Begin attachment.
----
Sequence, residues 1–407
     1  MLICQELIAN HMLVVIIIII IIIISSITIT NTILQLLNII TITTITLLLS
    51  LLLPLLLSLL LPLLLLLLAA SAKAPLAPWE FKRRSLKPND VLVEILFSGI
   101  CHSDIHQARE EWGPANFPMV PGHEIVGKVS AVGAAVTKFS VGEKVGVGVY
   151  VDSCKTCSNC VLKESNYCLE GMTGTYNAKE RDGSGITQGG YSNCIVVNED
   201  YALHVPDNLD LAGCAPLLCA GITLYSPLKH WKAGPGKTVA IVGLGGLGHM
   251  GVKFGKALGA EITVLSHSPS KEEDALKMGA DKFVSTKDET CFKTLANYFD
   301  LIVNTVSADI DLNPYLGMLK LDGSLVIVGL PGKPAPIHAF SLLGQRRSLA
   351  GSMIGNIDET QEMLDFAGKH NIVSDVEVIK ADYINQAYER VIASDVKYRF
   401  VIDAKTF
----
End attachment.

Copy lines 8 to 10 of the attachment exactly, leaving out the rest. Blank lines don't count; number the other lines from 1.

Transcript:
   301  LIVNTVSADI DLNPYLGMLK LDGSLVIVGL PGKPAPIHAF SLLGQRRSLA
   351  GSMIGNIDET QEMLDFAGKH NIVSDVEVIK ADYINQAYER VIASDVKYRF
   401  VIDAKTF